We stop for a breather and a chat as the novices shake out their arms from holding on to the bars far too tight. Dylan dispenses a little more advice on how to make things a bit easier but with everyone grinning and chatting excitedly about the bikes and the trails, the talk is kept to a minimum.  We set off again. With a few more tricky trails, slowly building the confidence of those who are new to all this and allowing the better riders to tackle the trails with a bit more gusto.


After a while we head into open country and to a vast army firing range. Dylan goes on ahead to ensure the guns are not in use today and then we head to the side of the open area for the more detailed training.

Time to learn

Kev takes the group through from the very basics of how and why to stand, how to use body position to control the bike. We’re sent out onto the motocross loop to show what we can do before regrouping to break down what we are doing wrong!  Between Dylan and Kev, the finer points of riding effectively off-road are expertly explained and demonstrated, covering everything from cornering to power sliding. Vic does most of the talking and Dylan does the demonstrating on his crisp enduro spec YZ250.

Correct positioning
Arms down or up
Vital tuition
Enduro school

The lads are allowed to give it all a try and there’s a noticeably step up in confidence and competence from everyone. OK there’s not going to be an ISDE Gold medal, but as a group, the training has improved us all.


and you clearly like riding motorcycles!

We run the best motorcycle adventures across Asia – from traversing the winding mountain roads on a Royal Enfield in the Himalayas to bashing through the jungle on a dirt bike in  Vietnam. It’s what we do, and we do it very well.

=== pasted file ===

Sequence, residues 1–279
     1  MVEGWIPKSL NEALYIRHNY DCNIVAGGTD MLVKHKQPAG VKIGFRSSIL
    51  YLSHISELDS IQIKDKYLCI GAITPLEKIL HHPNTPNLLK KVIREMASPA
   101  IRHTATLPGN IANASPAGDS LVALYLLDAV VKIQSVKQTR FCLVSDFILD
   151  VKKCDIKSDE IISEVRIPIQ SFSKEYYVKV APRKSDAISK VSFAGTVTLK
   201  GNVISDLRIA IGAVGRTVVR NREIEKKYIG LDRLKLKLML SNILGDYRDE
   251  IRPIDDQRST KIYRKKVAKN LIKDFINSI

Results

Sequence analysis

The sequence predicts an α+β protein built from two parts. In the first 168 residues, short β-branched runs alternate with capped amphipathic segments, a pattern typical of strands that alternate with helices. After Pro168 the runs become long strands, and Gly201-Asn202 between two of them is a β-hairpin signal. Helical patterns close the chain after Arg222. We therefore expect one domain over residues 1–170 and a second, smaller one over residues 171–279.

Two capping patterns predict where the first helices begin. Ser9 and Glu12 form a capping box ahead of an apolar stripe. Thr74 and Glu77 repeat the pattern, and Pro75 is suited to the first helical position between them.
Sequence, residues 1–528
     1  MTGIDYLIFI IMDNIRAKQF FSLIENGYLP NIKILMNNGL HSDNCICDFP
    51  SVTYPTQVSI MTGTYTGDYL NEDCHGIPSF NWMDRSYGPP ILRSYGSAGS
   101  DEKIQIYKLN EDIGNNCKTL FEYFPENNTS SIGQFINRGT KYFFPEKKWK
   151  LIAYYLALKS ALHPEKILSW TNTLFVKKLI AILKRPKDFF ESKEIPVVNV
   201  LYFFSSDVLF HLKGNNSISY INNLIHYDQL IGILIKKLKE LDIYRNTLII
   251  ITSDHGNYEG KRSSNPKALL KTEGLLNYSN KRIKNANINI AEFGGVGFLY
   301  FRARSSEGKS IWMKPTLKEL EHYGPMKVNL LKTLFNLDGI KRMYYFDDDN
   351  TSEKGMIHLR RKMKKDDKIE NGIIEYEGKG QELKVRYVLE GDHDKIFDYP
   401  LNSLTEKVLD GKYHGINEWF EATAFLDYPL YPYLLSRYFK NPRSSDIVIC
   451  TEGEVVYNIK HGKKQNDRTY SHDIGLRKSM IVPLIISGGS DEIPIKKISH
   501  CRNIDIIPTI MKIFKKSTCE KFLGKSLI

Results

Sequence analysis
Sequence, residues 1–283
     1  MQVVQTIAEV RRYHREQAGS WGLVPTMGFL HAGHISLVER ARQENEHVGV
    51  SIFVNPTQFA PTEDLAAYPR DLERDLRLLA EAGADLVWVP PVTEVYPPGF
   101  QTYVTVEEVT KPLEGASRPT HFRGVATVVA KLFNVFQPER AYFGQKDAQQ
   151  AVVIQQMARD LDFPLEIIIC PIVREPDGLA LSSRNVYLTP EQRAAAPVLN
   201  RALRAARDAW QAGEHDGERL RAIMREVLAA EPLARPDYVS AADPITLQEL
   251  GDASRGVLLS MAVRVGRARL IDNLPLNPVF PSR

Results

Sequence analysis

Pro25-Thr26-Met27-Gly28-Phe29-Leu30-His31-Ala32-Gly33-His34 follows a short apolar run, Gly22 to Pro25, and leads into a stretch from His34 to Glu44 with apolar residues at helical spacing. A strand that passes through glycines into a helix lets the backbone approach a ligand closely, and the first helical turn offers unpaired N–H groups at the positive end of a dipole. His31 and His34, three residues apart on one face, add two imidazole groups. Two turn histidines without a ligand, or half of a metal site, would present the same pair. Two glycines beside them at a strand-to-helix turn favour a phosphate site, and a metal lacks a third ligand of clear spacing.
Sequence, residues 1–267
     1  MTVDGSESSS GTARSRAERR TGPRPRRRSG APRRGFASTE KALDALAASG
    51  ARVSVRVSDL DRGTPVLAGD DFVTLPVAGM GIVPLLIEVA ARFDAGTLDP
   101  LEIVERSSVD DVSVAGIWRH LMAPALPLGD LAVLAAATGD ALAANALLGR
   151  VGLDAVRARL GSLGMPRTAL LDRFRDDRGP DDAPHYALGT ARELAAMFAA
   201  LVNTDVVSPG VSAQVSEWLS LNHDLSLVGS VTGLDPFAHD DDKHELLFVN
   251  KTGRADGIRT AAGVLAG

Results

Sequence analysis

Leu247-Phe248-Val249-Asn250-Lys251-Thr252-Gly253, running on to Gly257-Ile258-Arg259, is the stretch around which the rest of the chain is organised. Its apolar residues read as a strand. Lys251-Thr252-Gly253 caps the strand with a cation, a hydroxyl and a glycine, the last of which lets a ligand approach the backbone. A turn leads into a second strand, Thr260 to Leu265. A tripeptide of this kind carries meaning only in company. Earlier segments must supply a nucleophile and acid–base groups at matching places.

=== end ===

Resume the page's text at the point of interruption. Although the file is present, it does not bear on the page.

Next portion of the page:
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We split into two groups to give the faster boys some harder stuff while the novices continue to get the hang of the terrain and the bikes.  After an hour or so, we head back to the farm for lunch, taking some more cracking trails through the forestry – it’s a bit like the enjoyable bits of the Welsh 2 Day Enduro compressed into one trail ride.

Muddy trails

After refreshments we head back out, and split into two groups again, each time taking on tougher sections. The instruction is kept to a minimum; it’s more about having fun on the bikes. We meet up with the other group to ride a great little loop within the dense forestry, before setting out for the rest of the afternoon. As the light fades we take the trail back over the top of the hill and drop down into the farmyard, following the sheep back home.

As the guys take of their kit, its big smiles all round as they recount the high points of the day and laugh about the handful of crashes that have occurred out in the forest.  This is a great way to spend the day and you can see it on everybody’s faces. Thoroughly recommended.


In the novice camp, Stephen Lord had never ridden off road before coming to Wales.  His normal ride is a BMW R90, so taking on a Yamaha WRF250 in quite challenging terrain was a big leap of faith. Yet at the end of the day he’d been throughly converted to the dark side.